• Message from James Clarke

    "South Africa's Best Humour Columnist"

    - SA's Comedy Awards September 2008

    “South Africa’s funniest columnist.”

    - Financial Mail


    The name is Clarke. James Clarke. I have been told by people who know their way around the electronic world with its iPads, USBs, processors, modems, 500 gb hard drives, Blackberries and microwave ovens, that as a writer I have to have a blogsite. Otherwise, I am told, it is like passing oneself off as a CEO and you haven’t a leather chair that tilts back.

    Yet after four years of having a blogsite I still don’t really understand what it is or how it helps sell my books which is my major concern in life apart from not stepping on cracks when walking on the pavement.

    I am also told that on a blogsite it is customary to refer to oneself in the third person. This enables one to grossly exaggerate ones attainments without appearing to have done so personally.

    Not being one to buck the system...

    London-born James Clarke is your average tall, dark, handsome fellow who writes books – fiction and non-fiction. As a humorist he has been compared with PG Wodehouse and James Thurber. (The Daily Bugle in Des Moines said “compared with the works of PG Wodehouse and James Thurber, Clarke’s writing isn’t worth a row of beans”.)

    He long ago settled in South Africa where he became a mover and a shaker in the world of the environmental sciences. As a youth, being a mover and a shaker, had made it impossible for him to follow in his father’s footsteps as a bottler in a nitro-glycerine plant. Hence he turned to journalism.

    But around the time he retired a few years ago he found a new pursuit as a humorist. He wrote a daily humour column in the Johannesburg Star (now syndicated) and began turning out books of humour in the UK and South Africa.

    Clarke very recently moved boldly into the electronic publishing world. It was, he said afterwards, like a non-swimmer diving into a pool without first testing its depth.

    In November 2011 he re-issued his latest book of humour, “Blazing Saddles”, as an Amazon Kindle e-book under the title “Blazing Bicycle Saddles”. For a mere US$4.99 you can download a copy of this seminal cycling book in a matter of seconds by clicking here ....


    He did this with the full realisation that he is totally at sea in the electronic world with its telephones that take movies and receive faxes and sports results.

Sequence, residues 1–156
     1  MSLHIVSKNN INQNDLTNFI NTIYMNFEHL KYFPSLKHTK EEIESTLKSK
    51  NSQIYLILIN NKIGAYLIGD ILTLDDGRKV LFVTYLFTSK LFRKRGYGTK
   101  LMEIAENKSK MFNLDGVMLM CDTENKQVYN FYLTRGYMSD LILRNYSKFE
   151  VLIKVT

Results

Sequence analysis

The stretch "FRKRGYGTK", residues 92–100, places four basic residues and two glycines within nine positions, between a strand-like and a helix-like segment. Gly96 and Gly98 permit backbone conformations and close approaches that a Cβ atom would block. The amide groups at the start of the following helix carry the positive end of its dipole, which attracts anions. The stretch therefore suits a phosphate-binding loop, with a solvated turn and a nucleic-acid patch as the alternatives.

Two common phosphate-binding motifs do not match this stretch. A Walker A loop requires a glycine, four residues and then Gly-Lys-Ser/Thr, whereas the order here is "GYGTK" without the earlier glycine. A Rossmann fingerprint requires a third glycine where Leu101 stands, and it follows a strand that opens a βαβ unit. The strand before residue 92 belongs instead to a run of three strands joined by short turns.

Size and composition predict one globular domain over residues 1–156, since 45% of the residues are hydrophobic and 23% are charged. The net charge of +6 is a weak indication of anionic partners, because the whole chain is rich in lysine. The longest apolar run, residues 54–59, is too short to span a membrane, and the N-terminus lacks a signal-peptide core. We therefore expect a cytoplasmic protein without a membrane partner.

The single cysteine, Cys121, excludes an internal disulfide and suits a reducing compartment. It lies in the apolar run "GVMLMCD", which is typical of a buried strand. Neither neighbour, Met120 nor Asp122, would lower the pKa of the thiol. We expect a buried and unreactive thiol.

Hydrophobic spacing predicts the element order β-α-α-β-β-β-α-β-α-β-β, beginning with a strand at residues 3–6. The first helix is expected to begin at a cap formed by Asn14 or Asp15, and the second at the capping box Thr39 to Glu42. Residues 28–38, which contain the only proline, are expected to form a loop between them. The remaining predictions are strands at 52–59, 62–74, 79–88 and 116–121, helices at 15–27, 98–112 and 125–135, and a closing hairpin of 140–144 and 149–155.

The original edition of “Blazing Saddles”, published by Jonathan Ball, has been out of print for two years. It reveals the true story of how six retired men – five of them journalists – year after year set out (intrepidly) from the African continent on a series of exploratory expeditions cycling into “Darkest Europe” to bring back to the people of Africa tales of its funny natives.

    Clarke will also shortly be publishing, via Amazon.com, another of his action-packed autobiographical books – this time an account of his Second World War exploits as L*E*A*D*E*R of the Yellow Six Patrol of the 1st Streetly Boy Scouts in the English Midlands. He recounts the patrol’s ceaseless campaign to defeat Adolf Hitler’s plan to invade England.

    You can read about “The Yellow Six” within this blogsite.

    Clarke, apart from moving and shaking, is a travel writer and proud father of two highly successful daughters – one a biologist and the other an environmental impact analyst. He and his wife, Lenka, live north of Johannesburg.

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  It was pouring again. Lightning picked at the cityscape.Nobody in the scurrying, home-going crowd had a raincoat.

Johannesburg’s 1,73 million people possess only three raincoats among them, two dating back to the last really wet year, 1933.

On the rain-sodden corner of Diagonal and Pritchard streets stood the most stunning girl I have seen since Jennifer O’Neill in “The Summer of ’42”. She could not have been 19.

Thirty-six maybe, but not 19.

At her age she had probably never really experienced rain before. Not real rain like this. Not rain that goes on and on for seven or eight minutes registering more than 10 mm on the Richter Scale.

I had spotted her as I was driving past the old Stock Exchange. She was wet through. Her sleek blonde hair fell in wet strands on her bronzed shoulders (it would grow again, I was sure) and her blouse, transparent with rain, clung to her voluptuous goose-pimpled breasts.

My eyes travelled downwards, following the curve of her thigh to which her wet skirt clung like a second skin.

It was then that I ran over five pedestrians and cannoned off a passing minibus, clean through the plate glass window of Yashat Patel and Sons, curry merchants, fogging the air with a billowing, powdery, yellow imitation of a World War 1 mustard gas attack.

Somewhere a fire started and a distant siren wailed.

I slowed down.

Miraculously I was not badly hurt – a limb or two some lacerations. Nothing inoperable.

But I knew no pain as I alighted from the car and groped my way blindly across Diagonal Street, searching, searching for HER.

In retrospect, I suppose, I should not have groped. But there it is. One thinks of these things only afterwards, on the way to jail.

At least I was able to enjoy two seconds of tactile ecstasy which more than made up for the 10 minutes she spent spraying me with mace and sandbagging me with her enormous carpet bag.

Only when she saw my gaping wounds did she ease up and, perhaps thinking she herself was responsible, help me to my feet and into a Keep Your City Clean bin.

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